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Higher Education, From Public Service To Consumer Product

In countries that once invested in free public university systems, higher education is increasingly becoming an investment option turned over to the private sector. This is not necessarily a bad thing.

Learning time in Buenos Aires
Learning time in Buenos Aires
Ana María Mass

BUENOS AIRES — In many if not most countries, it can no longer be assumed that the state will provide its population with higher education. Private university and university-level coursework has been expanding worldwide for decades, and its growth can be measured with the number of students enrolled in private higher education institutions — a third of all such students globally.

Private universities constitute a clear majority of higher-education institutions in some countries. In the United States and Latin America, private education is already well established. In Dubai and Bulgaria, it's a recent phenomenon. In Japan, South Korea, Indonesia and the Philippines, 70% of university students are in private institutions, while it is now more than half in Brazil, Colombia and Chile.

In the United States, Mexico, Brazil and Chile, there has also been an increase in the number of universities conceived as profit-making enterprises. In 2010, these universities represented 10% of the student population, and the biggest company among these was the Apollo Education Group, owner of the University of Phoenix. Their objectives are sometimes questioned, as they admit students of lesser academic merit who are more likely to abandon their courses and rely on financing through loans or federal grants.
Argentina doesn't allow profit-making universities. There are universities that are managed in the same manner that companies are, but their legal standing is "non-profit." The terminology and reality can be so fuzzy that it has given rise to terms like pseudo-profitable and quasi-profit organizations.
The fastest growing sector in the world is "demand responsive," which usually refers to institutions that accept people with low-level qualifications. Such institutions abound in China, India, Russia and Mexico, and provide vocational training opportunities and access to work for people less likely or able to access a bona fide university education.
Another form of privatizing higher education is to charge fees for courses in public universities, as we see in Argentina with long-distance education, post-graduate courses and continuing education.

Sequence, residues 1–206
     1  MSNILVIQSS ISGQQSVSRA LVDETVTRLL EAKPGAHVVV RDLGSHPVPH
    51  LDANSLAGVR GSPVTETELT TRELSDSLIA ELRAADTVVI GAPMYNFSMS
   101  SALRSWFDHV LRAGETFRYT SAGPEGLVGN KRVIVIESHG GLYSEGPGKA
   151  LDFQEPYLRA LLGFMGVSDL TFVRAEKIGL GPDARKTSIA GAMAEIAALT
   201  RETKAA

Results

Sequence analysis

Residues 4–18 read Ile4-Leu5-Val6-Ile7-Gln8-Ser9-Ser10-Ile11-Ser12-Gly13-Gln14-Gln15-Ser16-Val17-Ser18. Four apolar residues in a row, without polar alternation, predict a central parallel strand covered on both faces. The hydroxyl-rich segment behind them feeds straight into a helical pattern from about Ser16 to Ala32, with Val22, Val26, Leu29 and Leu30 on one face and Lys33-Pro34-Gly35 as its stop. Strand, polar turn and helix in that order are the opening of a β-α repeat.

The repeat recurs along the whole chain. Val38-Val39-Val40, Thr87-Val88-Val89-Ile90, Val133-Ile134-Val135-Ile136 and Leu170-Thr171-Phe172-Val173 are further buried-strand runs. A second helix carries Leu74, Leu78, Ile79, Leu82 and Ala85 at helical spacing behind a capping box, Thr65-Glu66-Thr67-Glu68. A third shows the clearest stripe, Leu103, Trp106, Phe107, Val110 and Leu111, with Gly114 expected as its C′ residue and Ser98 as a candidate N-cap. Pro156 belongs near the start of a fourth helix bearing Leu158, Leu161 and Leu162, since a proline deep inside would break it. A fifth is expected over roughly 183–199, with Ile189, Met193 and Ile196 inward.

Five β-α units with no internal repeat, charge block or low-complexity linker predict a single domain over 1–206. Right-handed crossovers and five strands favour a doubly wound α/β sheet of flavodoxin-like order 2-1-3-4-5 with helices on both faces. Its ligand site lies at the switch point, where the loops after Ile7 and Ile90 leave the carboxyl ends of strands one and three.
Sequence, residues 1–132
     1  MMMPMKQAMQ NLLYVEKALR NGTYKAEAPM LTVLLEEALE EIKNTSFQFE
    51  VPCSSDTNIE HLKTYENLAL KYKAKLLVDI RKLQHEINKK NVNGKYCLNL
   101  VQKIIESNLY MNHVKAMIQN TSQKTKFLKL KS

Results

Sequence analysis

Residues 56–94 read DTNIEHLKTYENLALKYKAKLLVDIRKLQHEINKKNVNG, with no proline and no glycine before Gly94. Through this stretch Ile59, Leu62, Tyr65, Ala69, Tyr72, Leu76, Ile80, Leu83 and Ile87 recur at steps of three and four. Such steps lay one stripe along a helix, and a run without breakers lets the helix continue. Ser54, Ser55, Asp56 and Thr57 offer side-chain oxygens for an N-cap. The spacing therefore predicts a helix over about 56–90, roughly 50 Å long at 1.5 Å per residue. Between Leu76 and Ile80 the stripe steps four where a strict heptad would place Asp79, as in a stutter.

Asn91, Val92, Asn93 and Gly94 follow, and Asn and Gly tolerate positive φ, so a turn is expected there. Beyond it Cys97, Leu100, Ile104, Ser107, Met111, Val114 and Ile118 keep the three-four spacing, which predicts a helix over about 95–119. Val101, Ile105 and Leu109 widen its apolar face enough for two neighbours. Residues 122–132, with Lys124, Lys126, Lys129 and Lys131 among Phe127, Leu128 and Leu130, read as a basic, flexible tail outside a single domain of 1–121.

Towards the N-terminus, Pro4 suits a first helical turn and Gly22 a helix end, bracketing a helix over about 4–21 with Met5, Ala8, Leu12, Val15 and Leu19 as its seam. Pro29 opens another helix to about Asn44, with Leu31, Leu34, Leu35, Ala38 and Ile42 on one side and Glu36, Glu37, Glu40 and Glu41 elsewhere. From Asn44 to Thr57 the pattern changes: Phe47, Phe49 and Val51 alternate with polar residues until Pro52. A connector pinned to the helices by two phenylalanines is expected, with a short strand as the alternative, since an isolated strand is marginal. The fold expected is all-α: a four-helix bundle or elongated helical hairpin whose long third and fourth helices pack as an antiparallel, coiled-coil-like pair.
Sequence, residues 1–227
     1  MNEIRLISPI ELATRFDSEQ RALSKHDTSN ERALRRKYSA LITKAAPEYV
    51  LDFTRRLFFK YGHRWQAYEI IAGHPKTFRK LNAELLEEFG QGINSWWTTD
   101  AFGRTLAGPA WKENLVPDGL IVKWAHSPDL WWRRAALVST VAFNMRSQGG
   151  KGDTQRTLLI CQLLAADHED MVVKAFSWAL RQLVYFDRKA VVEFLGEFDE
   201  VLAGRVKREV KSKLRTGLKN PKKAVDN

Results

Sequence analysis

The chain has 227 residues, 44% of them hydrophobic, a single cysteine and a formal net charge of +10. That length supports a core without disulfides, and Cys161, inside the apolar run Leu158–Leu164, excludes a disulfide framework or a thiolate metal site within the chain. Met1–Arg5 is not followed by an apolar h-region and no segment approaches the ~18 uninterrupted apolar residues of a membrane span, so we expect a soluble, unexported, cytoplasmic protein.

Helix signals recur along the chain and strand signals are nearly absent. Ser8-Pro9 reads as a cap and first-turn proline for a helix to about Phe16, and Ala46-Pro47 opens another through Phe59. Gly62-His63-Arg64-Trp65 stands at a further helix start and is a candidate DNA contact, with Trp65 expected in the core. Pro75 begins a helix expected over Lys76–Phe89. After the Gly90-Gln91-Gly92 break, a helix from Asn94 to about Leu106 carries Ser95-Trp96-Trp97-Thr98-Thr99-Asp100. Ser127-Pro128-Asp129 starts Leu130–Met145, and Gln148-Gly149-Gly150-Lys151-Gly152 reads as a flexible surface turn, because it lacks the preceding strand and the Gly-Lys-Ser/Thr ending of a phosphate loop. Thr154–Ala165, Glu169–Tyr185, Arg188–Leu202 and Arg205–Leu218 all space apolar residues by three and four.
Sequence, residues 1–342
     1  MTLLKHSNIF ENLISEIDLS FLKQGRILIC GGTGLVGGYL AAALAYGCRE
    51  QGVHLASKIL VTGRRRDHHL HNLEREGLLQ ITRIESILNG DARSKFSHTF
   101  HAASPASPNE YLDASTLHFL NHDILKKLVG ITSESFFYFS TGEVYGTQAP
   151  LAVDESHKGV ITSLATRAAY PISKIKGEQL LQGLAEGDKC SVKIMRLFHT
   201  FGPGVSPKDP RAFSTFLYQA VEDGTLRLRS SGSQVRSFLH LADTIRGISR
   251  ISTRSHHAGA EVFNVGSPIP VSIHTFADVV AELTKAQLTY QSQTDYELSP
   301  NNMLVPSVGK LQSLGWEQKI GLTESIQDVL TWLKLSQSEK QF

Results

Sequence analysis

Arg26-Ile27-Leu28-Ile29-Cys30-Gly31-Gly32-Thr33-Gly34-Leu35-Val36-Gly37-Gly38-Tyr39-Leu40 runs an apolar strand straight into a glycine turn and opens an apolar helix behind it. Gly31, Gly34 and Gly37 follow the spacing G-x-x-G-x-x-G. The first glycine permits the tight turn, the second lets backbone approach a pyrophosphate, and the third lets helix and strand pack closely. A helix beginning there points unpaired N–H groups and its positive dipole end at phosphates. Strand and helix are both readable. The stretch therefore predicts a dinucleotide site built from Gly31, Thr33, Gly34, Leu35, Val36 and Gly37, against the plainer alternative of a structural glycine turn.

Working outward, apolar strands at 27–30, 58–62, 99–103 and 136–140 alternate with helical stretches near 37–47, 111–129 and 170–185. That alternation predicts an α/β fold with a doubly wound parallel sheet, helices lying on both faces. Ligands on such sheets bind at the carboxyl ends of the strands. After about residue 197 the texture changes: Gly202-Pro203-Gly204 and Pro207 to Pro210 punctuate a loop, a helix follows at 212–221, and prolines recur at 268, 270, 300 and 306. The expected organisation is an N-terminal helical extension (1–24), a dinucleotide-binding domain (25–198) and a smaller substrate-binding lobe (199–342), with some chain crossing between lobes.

A growth engine
Where countries have loan or grant systems, like the United States and Chile, institutions are prompted into competing for a piece of the students' purchasing power. There is also the long-established practice of private institutions receiving public subsidies.
Higher education is now seen as one of the engines of economic growth. Demographics and demand are pressuring countries to increase the offer of education "products," while figuring out how to pay for them. The traditional social functions of higher education as a public good, education for citizenship and economic development must today face the concept of education as a private good. People and academic institutions are now expected to shoulder part of the financial burden, hence institutions' need to diversify revenue sources.
The privatization of higher education is a reality, and perhaps an irreversible one. Depending on the country, the best students are divided between public and private universities, as are lecturers and full professors. Independent rankings are in turn becoming the means of gauging performance and results, placing new pressures on both private and public institutions. In terms of increasing both quality and accessibility, the best-case scenario would see the private sector becoming a sort of partner to the state in providing young people with higher education.

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FOCUS: Russia-Ukraine War

The Only Path To Peace With Russia? A New Iron Curtain On Ukraine's Eastern Border

With a decisive deal with Putin out of the question, the only way to create a lasting peace is to recreate some fundamental dynamics of the Cold War.

Image of president Joe Biden walking with Ukrainian President Volodymyr Zelensky in the streets of Kyiv, Ukraine.

President Joe Biden walking with Ukrainian President Volodymyr Zelensky down the Walk of the Brave on Constitution Square in Kyiv, Ukraine.

Klaus Geiger


BERLIN — Volodymyr Zelensky was allowed three minutes, but he spoke for 20. In his speech at the G20 summit in November last year, the Ukrainian president laid out, in greater detail than ever before, how peace with Russia can be achieved – and maintained.

Stay up-to-date with the latest on the Russia-Ukraine war, with our exclusive international coverage.

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His main point: “Ukraine is not a member of any of the alliances. And Russia was able to start this war precisely because Ukraine remained in the grey zone – between the Euro-Atlantic world and Russian imperialism. Now, we do not have any security assurances either ... We need effective security assurances.”

German Chancellor Olaf Scholz echoed these words in parliament recently. “At the G20 summit, President Zelensky set out his suggestions for how to achieve a lasting, fair peace,” Scholz said. “We will help Ukraine to achieve such a peace. That is why we are talking to Kyiv and other partners about future security assurances for Ukraine.”

Scholz did not specify precisely what kind of “security assurances” he meant. But Zelensky was very specific in his G20 speech.

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